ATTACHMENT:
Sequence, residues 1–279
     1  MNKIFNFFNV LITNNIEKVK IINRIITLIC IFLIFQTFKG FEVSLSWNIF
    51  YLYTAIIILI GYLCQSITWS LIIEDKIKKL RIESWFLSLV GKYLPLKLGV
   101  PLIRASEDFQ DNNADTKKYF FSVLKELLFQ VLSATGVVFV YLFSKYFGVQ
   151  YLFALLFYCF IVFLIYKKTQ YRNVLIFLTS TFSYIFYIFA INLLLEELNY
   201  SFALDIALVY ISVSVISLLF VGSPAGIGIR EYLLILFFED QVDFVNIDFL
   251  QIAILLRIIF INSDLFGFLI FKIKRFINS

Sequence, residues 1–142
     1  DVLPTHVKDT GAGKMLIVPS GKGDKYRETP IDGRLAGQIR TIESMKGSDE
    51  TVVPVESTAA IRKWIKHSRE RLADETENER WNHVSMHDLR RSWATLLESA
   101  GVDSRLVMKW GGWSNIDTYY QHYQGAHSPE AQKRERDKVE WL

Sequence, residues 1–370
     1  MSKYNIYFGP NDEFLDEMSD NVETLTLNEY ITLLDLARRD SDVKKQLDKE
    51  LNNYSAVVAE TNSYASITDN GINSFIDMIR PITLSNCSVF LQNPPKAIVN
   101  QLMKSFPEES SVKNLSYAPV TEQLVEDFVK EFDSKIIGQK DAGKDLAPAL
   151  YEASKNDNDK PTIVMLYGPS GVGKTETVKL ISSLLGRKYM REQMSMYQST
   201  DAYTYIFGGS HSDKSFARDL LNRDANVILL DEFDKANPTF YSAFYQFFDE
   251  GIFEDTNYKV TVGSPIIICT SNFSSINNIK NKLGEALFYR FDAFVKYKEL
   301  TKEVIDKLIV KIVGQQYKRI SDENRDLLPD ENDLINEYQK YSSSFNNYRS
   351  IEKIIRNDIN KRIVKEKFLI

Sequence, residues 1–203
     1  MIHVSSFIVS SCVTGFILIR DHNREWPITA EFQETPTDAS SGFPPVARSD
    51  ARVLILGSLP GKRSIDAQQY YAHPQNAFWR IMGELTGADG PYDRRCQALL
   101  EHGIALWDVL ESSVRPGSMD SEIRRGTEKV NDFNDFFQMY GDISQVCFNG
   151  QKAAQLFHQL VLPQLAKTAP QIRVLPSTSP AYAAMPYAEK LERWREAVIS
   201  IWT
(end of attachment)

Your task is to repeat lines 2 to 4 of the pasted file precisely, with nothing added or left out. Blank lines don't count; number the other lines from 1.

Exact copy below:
     1  MNKIFNFFNV LITNNIEKVK IINRIITLIC IFLIFQTFKG FEVSLSWNIF
    51  YLYTAIIILI GYLCQSITWS LIIEDKIKKL RIESWFLSLV GKYLPLKLGV
   101  PLIRASEDFQ DNNADTKKYF FSVLKELLFQ VLSATGVVFV YLFSKYFGVQ